Many bioinformatic applications require an alignment between two or more biological sequences. Alignments reveal regions of similarity between sequences due to shared function, structure or evolutionary history. Typically, aligned sequences are represented as rows in a matrix, like in this example of two yellow genes from the honeybee Apis mellifera and the Red harvester ant P. barbatus:
When arranged so that the most similar amino acid residues are found one below another in vertical columns, the strong similarity between the two genes becomes apparent (in addition, identical residues are highlighted in red, chemically similar ones in green and blue). In this case, the similarity is due to homology: both genes have evolved in the honeybee and the harvester ant from a single gene that was present in the last common ancestor of these two organisms. When aligned correctly, each position in an alignment is a statement of homology itself, being derived from the same position in the ancestral gene.
Because sequences do not only evolve by substitution, the change of one residue into another, but by the deletion or insertion of residues as well, gaps have to be introduced to properly align positions according to homology. Gaps are represented by a dash symbol (“–”) and also called indels because it is usually not possible to discern whether they indicate an insertion in one set of sequences, or a deletion in the other.
A variety of algorithms exist to calculate alignments, although describing them is beyond the scope of this tutorial (more information can be found here). Aligning multiple sequences is computationally difficult, and usually performed using heuristic approaches that are efficient but cannot guarantee to find the best match.
(1). To align one or more sequences using MAFFT online, paste them into this input window in Fasta format. In this example, we are using protein sequences of the Cytoplasmic Ribosomal Protein gene RpL30 from three organisms.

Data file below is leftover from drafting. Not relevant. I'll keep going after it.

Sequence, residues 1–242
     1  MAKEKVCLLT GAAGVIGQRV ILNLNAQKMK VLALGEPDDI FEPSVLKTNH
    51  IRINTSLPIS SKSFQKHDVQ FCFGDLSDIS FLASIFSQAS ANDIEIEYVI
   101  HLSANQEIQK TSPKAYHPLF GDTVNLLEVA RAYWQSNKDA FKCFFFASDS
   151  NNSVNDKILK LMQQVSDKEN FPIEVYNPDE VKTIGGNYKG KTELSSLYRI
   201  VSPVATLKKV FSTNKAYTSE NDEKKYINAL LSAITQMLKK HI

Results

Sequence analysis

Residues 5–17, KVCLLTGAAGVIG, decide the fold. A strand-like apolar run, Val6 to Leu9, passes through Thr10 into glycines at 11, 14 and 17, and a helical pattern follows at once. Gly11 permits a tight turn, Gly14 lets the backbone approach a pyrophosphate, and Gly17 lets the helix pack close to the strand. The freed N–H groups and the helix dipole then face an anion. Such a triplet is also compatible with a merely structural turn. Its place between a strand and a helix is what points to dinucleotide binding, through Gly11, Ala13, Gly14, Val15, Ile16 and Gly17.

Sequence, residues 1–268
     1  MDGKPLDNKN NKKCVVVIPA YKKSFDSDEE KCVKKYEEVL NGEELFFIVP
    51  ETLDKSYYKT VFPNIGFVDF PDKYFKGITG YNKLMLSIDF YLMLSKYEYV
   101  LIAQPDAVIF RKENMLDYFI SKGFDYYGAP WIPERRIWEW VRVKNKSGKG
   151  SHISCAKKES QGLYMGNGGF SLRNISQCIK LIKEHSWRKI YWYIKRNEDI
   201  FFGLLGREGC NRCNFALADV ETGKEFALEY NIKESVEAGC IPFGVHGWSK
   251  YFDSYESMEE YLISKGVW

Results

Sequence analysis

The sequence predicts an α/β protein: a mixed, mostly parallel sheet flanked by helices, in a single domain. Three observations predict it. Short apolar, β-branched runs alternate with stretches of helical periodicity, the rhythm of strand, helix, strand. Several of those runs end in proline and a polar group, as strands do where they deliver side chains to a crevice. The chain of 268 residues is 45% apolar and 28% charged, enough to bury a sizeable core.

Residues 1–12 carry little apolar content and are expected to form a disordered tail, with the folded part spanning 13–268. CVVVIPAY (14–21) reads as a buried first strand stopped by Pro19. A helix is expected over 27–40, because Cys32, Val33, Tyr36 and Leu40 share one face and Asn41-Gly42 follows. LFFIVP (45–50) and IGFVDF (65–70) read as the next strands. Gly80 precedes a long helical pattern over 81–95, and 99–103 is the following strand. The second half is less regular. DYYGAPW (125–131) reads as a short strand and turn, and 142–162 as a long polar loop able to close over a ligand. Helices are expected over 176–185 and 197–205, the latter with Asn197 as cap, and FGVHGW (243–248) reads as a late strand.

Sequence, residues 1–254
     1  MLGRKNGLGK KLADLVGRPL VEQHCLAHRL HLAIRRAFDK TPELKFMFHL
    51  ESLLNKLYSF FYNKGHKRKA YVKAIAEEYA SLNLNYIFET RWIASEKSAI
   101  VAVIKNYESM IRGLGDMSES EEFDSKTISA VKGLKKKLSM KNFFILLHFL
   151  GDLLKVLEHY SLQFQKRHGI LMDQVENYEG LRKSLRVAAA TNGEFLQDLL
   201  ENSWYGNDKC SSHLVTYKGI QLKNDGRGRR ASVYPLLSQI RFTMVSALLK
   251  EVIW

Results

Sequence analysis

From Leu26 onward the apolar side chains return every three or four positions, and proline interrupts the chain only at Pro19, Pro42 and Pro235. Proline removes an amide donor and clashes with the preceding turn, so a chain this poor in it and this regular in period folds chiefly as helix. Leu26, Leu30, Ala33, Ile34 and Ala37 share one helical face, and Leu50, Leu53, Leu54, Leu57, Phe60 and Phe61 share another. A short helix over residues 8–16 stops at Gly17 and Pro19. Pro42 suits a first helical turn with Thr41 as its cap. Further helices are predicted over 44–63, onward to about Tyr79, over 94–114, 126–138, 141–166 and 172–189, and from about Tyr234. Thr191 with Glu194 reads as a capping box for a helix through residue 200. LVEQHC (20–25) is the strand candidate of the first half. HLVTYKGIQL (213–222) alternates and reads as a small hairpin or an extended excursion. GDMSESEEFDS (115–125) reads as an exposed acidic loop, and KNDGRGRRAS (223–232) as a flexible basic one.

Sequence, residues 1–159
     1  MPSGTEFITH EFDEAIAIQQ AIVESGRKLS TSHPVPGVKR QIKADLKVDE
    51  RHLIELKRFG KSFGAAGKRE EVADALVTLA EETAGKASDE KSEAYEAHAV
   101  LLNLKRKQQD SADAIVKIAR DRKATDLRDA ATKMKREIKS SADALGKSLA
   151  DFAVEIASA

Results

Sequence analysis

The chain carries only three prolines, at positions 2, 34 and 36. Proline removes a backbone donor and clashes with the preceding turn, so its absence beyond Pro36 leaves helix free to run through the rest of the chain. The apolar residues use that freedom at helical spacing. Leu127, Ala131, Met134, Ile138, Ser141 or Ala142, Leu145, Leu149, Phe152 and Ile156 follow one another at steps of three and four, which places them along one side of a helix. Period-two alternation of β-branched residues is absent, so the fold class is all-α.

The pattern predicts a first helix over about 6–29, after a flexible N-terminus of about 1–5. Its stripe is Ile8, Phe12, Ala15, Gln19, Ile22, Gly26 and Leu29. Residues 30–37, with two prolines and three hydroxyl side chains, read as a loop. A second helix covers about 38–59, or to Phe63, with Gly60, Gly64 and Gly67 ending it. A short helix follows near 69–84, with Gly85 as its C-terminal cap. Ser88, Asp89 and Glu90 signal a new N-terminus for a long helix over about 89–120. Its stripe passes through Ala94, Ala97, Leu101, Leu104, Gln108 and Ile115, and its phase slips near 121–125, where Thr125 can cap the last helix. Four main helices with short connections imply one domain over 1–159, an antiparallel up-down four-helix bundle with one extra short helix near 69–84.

(2). This section provides several input and output options. Note that you can adjust the direction of nucleotide sequences to conform to the first sequence, in case you are trying to align sequences derived from opposite DNA strands without having to reverse them first.
(3). Click “Submit” to run MAFFT
Below (see actual online version) you will find several advanced options. MAFFT includes different algorithms tailored to the number, divergence and gap structure of the sequences to be aligned. For most purposes, the auto option gives accurate results.
Aligning the three genes above gives the following result in Clustal format. The alignment can also be displayed and downloaded in other formats, e.g. Fasta, which is easier to handle as input in downstream applications. MAFFT even provides the option to calculate a simple phylogenetic tree based on the alignment.
Tips and further resources
— Algorithms that assume highly conserved regions interrupted by long gaps like MAFFT’s E-INS-i can be used to tentatively map transcripts to genomic sequence. While more specialized software like Exonerate or GeneWise should be used to identify the exact splice sites, the number and approximate position of exons can be discerned using this method. For instance, try to align these two sequences (transcript and genomic, respectively) using MAFFT.
— When aligning nucleotide sequences, MAFFT will only align forward strands (unless you use the input option “Adjust direction …” mentioned above), yet check for similarities on the reverse strands. The former are displayed in red, the latter in blue in plots like in the ones below. If there are blue lines, one or several of your input sequences might be in reverse. You can adjust the orientation using the “Refine dataset” button or the “make reverse complement sequence” option.
— There are dozens of alternative alignment programs using different algorithms, examples for which are ClustalW (for pairwise, color-coded alignment like the one on the top of the page), BLAST, Muscle, T-Coffee, prank, and PAL2NAL.
Next chapter: WebApollo